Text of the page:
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Nehemiah 2: Back to Jerusalem

Original Publication Date
April 8, 2017
Updated
Nov 26, 2022 3:49 AM
Tags
NehemiahChapter StudyApologeticsJerusalemLeadershipPersia
Bible References
Nehemiah 2
Status
Done
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Table of Contents
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This page was originally posted on my Blogger version of the blog on April 8, 2017 The content below has a few minor tweaks for clarity, and additional references, and some updated information.

Introduction

Nehemiah 2 introduces Nehemiah's strength as a leader. When confronted by the king, Nehemiah could have stayed silent but he put the plight of Jerusalem on the table. Nehemiah is even careful in how he words his request. A true leader not only takes charge, he or she has the know how to get something accomplished.

Approaching the King

During the 20th year of Artaxerxes, Nehemiah approaches the king in the month of Nisan. This information, given in Nehemiah 2:1, seems to conflict with Nehemiah 1:1. Chapter 1 tells us that Nehemiah didn't learn of the problems in Jerusalem until the month of Chisleu during the 20th year. The month of Nisan was the first month in the Israelite calendar and is equivalent to March or April in our calendar. Chisleu (or Kislev), on the other hand, is the 9th month of the Jewish calendar.[1]

This leads people to question how Nehemiah could have brought the request beforehand. The likely solution is that the start of Artaxerxes' rule does not coincide with the beginning of the Jewish calendar (similar to the way birthdays and school years work). Nehemiah waited 4 months before bringing the matter to the king. We often praise people for acting on God's will with haste, but that doesn't mean we should always jump the gun when carrying out His requests. Persia had a feast known as the tukta, and during this feast, the king would often grant requests to his servants. It is possible that this is what Nehemiah was waiting on.[2]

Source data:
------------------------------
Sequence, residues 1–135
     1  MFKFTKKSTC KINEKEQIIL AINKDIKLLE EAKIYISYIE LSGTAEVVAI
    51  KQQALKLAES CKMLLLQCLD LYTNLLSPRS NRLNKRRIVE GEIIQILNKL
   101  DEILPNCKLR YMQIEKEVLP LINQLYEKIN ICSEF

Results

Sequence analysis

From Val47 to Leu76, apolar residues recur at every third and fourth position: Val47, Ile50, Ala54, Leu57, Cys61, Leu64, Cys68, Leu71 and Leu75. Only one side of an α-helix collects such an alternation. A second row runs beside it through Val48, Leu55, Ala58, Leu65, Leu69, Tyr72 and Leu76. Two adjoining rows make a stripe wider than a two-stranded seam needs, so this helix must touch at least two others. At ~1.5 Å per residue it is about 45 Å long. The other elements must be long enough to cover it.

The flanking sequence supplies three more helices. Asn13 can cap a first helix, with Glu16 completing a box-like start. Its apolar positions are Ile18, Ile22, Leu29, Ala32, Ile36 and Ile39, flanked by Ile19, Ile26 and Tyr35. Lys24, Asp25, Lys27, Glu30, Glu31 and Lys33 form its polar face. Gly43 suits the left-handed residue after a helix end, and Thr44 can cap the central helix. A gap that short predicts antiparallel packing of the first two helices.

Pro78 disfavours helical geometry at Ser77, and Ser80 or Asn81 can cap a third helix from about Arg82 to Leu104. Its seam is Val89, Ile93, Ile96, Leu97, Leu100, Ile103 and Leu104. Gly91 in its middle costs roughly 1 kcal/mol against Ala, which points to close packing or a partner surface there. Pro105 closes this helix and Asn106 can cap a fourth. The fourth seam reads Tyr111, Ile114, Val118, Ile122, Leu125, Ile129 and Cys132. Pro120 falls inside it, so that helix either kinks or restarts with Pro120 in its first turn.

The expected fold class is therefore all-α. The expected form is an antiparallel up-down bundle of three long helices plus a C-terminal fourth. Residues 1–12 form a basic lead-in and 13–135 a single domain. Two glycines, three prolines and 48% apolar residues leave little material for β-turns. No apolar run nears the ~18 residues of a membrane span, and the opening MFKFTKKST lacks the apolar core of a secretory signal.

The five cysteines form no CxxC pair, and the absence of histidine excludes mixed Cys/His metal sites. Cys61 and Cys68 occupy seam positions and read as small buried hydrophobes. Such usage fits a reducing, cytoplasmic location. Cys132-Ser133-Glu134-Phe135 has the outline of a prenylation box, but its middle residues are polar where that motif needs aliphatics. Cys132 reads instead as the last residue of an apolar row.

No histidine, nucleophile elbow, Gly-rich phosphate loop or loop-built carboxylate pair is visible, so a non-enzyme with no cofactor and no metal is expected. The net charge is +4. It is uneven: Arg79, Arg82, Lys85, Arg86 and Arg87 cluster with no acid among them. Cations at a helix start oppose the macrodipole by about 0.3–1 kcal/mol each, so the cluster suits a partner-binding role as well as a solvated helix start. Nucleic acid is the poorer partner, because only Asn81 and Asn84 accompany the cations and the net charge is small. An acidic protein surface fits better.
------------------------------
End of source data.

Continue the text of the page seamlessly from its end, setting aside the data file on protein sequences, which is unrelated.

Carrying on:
During the feast, Nehemiah makes no effort to hide his discontentment, leading the king to inquire of Nehemiah's sad expression. To this, Nehemiah requests that the city which was home to his ancestors' graves be rebuilt. Nehemiah doesn't specifically mention Jerusalem, likely because of the connotation, but he uses his ancestors' graves as a point of commonality between the two cultures.[2] Artaxerxes is sympathetic to the request and grants him the request. Letters are sent to the governors surrounding the area that allow Nehemiah to pass through the territories.

Inspecting the Wall

When Nehemiah arrives in Jerusalem, he inspects the walls at night without pomp and circumstance. Nehemiah does not inform the people of the plan God has given him, because he does not want it sabotaged by the enemy. Israel's, and thus Nehemiah's, opposition consists of three men: Sanballat, Tobiah, and Geshem. Sanballat and Tobiah were likely from Samaria and probably also worshipped the God of Israel. However the Samaritans and the Jews were in constant conflict throughout the Bible. Sanballat and Tobiah did not want Judah to prosper. Geshem was an Arabian allied with the Samaritans.

When the three men found out about Nehemiah's plan, they laughed. Can you imagine? This is a reminder that the world never takes kindly to those carrying out God's will. We can't allow this to deter us! Despite the laughter and opposition, Nehemiah was determined to do the will of Godβ€”even if it meant going against the king of Persia. At that moment, Nehemiah was boldly declaring God first in his life. Are we willing to do the same?

References and Footnotes

  1. "Strong's 3691: Kislev".Β Bible Hub; visited April 2017
  2. Holman Bible Publishers.Β Holman KJV Study Bible, pg. 816-817. 2014

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